If there is something truly scary, I can use a behavior that I trained – the touch – which almost always replaces fear with confidence. For that, I do have cookies in my pocket. But since feeding him is rewarding to me, (that happy munching of a horse!) I restrain myself from using it unless absolutely necessary, or I would do it all the time! A walk down the road is not a training session. It’s just a walk down the road. If Tonka thinks we’re in a training session, he’s “on” and it will not be a relaxed amble. Going on an undemanding meander is good both physically and mentally for your horse. Of course, even when the walking seems boring, I’m interacting with Tonka, and everything we do has consequences, and affects what happens next, so in that sense training is always happening. But that’s not the same thing as a training session, with my expectation of attentive engagement, and my horse’s expectation of food rewards for his behavior.
I have noticed that all of this undemanding walking is good for Tonka’s mind. He settles right right into a content, relaxed place. All of this walking is having a positive effect on his physical rehab, too.
This is how Tonka stood, back in October, before the sacroiliac joint treatment. Notice the braced, wide stance behind.
Here he is, this week.
I like to think that with all of this walking, that I’m getting fitter, too. Maybe, maybe not. But I am enjoying this companionable time with my horse.
Terry, have you ever considered training Tonka to drive? Many years ago, I rode a warmblood that was exciting but exhausting. He was a bit of a powder keg at all times; shied at too many things, overreacted to even the slightest touch on his sides with one’s leg, etc. Even young and dumb(er), I believed that this anxiety was likely human-caused and I tried hard to have very quiet legs and hands and be very predictable in my movements and what I asked of him, and how. I also tried to ride with quiet confidence, to support him. I probably weighed about 120 then. Even so, while he was so impressive in the show ring, he really wasn’t much fun to ride out if it; one could never truly relax, and I endured some crazy falls from his explosive shying and small but dangerous bolts. Many months later, I saw him being worked in an indoor and being ridden by quite a large man. He was at least 250-260 lbs. The horse was 17 hh, and big, so he could handle the weight. But I was amazed at how calm the horse was under this large (and rather floppy) rider. I came to understand that the man’s weight was actually somewhat reassuring to the horse– he found it physically supportive. I’m not explaining it well, but the trainer also mentioned that they had started him driving and he was brilliant at it. Apparently the combination of the blinders and the harness and carriage frame combined with the steady forward movement also made the horse feel quite secure. I know you manage Tonka very well, but I wonder if his back issues become chronic if this might not be a fun option for you two. Uses completely different muscles and puts almost no strain on the spine– all haunches and topline muscles. I’ve schooled two horses to drive but not alone; I had a very good coach every step of the way. It’s a blast. (And the gear! Oh, the gear!)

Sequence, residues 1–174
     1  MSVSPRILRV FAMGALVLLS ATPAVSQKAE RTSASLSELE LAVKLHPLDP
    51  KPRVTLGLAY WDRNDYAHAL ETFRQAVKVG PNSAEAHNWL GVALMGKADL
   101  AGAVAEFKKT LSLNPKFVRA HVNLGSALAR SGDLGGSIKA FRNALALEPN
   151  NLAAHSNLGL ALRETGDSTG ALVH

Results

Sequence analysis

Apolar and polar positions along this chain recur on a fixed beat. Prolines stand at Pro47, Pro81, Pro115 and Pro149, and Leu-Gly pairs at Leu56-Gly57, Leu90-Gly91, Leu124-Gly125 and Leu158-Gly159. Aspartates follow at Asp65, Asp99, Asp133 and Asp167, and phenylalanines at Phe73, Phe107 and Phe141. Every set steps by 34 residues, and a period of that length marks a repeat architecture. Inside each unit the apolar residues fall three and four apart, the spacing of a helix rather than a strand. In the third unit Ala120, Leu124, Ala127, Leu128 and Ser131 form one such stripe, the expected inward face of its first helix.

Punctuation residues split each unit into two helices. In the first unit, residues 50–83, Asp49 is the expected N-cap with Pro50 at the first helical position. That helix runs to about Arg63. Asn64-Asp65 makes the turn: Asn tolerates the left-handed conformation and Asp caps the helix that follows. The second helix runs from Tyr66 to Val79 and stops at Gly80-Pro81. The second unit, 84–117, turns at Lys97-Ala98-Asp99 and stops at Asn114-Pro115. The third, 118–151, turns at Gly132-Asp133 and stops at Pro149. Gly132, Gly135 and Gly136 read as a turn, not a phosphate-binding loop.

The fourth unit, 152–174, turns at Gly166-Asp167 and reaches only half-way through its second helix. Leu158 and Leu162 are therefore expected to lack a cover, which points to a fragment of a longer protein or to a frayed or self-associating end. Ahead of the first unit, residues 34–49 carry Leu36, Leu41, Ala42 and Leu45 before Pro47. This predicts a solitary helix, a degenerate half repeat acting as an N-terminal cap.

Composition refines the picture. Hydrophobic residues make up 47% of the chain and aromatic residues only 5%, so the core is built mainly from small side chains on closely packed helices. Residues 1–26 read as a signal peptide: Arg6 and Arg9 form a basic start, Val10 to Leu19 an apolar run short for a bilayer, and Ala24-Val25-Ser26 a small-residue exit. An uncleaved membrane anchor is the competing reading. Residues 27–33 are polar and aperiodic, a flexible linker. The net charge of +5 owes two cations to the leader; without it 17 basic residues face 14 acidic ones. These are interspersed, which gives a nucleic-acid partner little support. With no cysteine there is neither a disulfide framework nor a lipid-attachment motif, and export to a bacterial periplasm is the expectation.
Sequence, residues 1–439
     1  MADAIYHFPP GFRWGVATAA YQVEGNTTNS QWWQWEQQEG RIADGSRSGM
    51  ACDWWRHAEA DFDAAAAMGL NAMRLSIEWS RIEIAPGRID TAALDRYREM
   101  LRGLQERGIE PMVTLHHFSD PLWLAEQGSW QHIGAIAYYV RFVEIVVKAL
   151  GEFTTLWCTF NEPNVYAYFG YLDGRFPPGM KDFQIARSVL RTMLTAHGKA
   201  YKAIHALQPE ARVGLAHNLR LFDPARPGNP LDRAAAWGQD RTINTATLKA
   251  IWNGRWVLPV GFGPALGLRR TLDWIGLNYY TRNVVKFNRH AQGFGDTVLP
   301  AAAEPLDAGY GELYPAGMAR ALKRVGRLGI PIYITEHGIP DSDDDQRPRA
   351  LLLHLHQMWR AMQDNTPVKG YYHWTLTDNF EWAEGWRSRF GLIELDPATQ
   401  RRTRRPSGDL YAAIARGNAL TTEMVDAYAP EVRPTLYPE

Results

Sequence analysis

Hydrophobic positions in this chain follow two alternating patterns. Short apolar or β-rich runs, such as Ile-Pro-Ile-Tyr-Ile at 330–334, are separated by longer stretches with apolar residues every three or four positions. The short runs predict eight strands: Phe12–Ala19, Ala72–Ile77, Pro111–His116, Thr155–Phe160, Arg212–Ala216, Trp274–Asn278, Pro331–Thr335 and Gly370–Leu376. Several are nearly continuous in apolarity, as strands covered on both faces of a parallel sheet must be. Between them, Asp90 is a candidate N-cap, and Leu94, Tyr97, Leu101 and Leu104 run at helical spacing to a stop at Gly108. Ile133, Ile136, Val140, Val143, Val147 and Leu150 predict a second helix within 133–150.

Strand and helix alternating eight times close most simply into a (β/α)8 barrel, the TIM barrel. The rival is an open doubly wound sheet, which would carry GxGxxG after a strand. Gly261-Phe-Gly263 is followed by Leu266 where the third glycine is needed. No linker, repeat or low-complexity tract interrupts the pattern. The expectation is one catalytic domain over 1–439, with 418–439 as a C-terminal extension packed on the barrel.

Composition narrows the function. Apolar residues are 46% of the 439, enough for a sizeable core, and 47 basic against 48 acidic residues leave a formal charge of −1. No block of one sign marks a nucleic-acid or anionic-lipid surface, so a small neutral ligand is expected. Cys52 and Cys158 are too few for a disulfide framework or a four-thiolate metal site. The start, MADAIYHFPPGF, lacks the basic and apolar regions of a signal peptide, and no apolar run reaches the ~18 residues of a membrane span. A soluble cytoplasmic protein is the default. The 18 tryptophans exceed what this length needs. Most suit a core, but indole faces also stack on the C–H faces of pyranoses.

I’ve just never been interested in driving. I’ve ridden in a few carts, and I found it uncomfortable and wanted to be on the horse 🙂 I have thoroughly enjoyed sleigh rides, though! I also don’t live in the right place. Maybe if I lived on a long dirt road in Maine…
Love your thoughts on using food vs letting the walk be relaxing and rewarding enough. I very much look forward to hearing more about riding and rewards!
After losing my little Andalusian mare a couple of months ago, I am now only working with horses that are also handled by other people. While I would love to completely convert to positive reinforcement training, it isn’t entirely practical. I’d love to hear any more thoughts you have on the crossover/compromise between traditional horsemanship and positive reinforcement training.
Thanks again for taking the time to write your lovely blog!
I’m sorry to hear about the loss of your horse. Thanks for the input. I’ll definitely write more on this topic.
You two have such an amazing relationship and brilliant communication.
It’s still a work in progress. But aren’t all relationships? 🙂